ONS: Employment of Disabled People 2021

ended 04. November 2021

The ONS this morning published a report about the number of working age disabled people in employment. Overall, the numbers were upbeat, e.g.

  • there were 4.4m disabled people in employment in the UK in Q2 2021. This is estimated an increase of 300,000 on the year, an increase of 390,000 since Q2 2019 and an overall increase of 1.5m since Q2 2013
  • the disability employment gap was 28.4 percentage points in Q2 2021. This is a decrease of 0.7 percentage points on the year, a decrease of 0.6 percentage points Q2 2019 and an overall decrease of 4.8 percentage points since Q2 2013

We sought the reaction of HRs, recruiters and disabled people themselves…

4 responses from the Newspage community

Star Quote
"As a disabled person, the recruitment and employment experience is still inferior in 2021. Job advertisements are often not written to be inclusive for neurodivergent people and recruiters still don't consider accessibility as standard when designing a role or workplace. 15 percent of people are disabled and yet we still have a substantial disability employment gap and disability pay gap. We can't even measure these accurately because many disabled people are too scared of stigma or discrimination to declare their disability at work. There is a very long way to go and all employers and policy makers should be making inclusion and accessibility a priority."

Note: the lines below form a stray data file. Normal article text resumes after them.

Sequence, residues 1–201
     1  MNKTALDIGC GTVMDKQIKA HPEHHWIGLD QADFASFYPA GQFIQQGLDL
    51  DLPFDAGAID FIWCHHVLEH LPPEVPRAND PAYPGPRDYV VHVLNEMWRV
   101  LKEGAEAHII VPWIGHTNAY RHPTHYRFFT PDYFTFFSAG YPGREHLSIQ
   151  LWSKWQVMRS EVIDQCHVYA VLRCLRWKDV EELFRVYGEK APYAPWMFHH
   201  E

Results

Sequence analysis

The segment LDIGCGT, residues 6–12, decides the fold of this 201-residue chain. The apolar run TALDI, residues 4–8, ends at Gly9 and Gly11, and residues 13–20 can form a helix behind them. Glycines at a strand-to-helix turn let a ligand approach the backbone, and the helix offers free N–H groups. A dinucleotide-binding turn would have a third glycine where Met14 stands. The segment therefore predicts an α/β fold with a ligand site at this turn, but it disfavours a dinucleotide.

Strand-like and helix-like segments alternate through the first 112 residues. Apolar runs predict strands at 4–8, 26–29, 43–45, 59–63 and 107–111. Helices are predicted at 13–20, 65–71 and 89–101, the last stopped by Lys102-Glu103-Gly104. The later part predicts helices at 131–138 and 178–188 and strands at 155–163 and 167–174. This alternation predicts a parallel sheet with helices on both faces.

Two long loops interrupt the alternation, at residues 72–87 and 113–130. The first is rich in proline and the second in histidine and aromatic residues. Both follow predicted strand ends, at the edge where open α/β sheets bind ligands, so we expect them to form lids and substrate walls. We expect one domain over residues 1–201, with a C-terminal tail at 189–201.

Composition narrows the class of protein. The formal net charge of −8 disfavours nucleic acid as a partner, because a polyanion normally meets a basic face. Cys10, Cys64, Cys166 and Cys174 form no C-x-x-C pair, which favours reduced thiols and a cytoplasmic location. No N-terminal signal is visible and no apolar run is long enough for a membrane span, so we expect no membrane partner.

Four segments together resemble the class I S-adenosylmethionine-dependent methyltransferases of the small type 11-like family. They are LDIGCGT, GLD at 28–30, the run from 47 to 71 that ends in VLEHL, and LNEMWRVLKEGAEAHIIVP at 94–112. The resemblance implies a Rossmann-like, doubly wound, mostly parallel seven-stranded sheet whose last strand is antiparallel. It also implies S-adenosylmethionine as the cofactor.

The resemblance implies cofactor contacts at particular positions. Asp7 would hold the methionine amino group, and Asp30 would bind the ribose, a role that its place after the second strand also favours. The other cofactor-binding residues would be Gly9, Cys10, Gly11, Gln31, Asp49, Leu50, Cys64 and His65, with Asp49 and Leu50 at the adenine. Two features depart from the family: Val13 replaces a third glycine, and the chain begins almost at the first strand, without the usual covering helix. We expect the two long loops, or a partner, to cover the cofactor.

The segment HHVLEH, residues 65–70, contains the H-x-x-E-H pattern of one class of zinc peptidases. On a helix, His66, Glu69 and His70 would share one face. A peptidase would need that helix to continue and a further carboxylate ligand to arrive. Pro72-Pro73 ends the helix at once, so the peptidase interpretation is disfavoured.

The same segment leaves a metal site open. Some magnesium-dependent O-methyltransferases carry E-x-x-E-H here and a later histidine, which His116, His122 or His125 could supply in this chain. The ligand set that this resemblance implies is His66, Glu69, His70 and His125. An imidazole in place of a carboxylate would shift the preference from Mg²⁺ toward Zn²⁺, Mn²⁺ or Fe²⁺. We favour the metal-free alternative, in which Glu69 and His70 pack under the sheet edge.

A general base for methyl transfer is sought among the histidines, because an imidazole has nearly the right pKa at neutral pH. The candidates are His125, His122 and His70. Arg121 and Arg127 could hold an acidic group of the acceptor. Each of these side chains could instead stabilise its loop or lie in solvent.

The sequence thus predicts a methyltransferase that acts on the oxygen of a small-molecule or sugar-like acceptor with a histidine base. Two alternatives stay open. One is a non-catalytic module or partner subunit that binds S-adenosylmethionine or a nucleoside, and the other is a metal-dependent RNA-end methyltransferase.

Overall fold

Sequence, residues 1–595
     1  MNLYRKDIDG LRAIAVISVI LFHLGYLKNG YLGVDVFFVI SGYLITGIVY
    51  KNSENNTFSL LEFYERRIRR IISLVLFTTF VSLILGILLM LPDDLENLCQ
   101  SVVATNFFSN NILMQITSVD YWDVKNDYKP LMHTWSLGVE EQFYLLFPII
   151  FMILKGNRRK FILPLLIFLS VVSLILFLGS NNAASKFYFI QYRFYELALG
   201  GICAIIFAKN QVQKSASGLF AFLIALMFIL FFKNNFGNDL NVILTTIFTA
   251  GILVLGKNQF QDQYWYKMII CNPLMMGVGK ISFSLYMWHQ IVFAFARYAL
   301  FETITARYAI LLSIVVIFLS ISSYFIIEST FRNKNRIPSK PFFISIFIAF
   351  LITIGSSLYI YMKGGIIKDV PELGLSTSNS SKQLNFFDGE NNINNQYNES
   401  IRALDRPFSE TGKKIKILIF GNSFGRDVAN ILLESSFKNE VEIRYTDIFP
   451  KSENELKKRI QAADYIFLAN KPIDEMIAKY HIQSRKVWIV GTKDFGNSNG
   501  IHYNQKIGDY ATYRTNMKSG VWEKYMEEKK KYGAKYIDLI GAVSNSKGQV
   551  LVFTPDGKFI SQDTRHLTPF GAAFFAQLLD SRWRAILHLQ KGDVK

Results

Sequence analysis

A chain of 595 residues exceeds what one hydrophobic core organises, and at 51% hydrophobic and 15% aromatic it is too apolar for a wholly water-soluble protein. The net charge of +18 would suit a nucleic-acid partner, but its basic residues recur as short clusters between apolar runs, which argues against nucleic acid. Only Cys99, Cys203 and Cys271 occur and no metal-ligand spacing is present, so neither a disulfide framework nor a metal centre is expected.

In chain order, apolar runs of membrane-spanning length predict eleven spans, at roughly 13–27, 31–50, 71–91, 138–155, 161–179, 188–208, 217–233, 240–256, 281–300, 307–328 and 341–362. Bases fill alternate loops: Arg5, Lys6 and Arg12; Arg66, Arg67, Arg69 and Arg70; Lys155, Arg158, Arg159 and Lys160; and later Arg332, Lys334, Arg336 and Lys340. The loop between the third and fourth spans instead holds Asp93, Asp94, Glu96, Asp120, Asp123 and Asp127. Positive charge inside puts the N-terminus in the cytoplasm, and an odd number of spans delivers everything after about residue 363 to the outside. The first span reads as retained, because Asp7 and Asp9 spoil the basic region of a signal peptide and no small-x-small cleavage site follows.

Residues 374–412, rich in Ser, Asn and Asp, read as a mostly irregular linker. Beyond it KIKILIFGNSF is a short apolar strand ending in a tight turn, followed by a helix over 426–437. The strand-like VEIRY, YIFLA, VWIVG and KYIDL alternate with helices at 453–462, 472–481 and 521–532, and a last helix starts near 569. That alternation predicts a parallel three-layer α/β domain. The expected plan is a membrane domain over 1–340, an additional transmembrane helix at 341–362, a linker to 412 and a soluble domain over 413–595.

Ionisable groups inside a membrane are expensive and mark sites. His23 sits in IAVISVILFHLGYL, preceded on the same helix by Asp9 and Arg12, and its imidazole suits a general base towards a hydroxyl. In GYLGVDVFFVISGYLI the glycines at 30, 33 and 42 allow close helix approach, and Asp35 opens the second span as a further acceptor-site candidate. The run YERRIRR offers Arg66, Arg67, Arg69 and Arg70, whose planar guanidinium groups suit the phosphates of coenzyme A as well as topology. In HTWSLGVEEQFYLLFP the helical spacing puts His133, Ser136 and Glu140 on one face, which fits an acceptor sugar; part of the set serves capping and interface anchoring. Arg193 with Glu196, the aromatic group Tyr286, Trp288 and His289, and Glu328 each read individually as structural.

Star Quote
"With the taboo around disability fading, it is great to see employers adopting more inclusive recruitment methods, although there is still a lot more work to be done. This latest data is promising but there is still an employment gap to address. That said, it has been brilliant to see many new disability specialist recruitment companies starting up in the past 12 months. That shows we are moving in the right direction as a society."
"Being a disabled person myself, I can honestly say, if I applied for jobs and mentioned my disability, I never got a response to my application, or even with 20 years on the job experience, I apparently am not "qualified enough". When I stopped mentioning my disability, I got interviews immediately but yet as soon as they knew I used a wheelchair, apparently the person fresh out of sixth form is more experienced. I have even had one company pay me less because I needed flexi hours based around my care needs. I still worked the same amount of hours per week as the person sat beside me."
"The interesting area for us is that it’s the flexibility now on offer that is allowing people with disabilities access to work. 1 in 10 of our audience has a disability and 95% of those share with us that it’s a non-visible disability. Flexible working continues to be the benchmark that people of diverse backgrounds use to decide who they want to work for. They see it as an inclusivity statement that shares more about the culture of that company, more than any other act or ‘policy’ creates."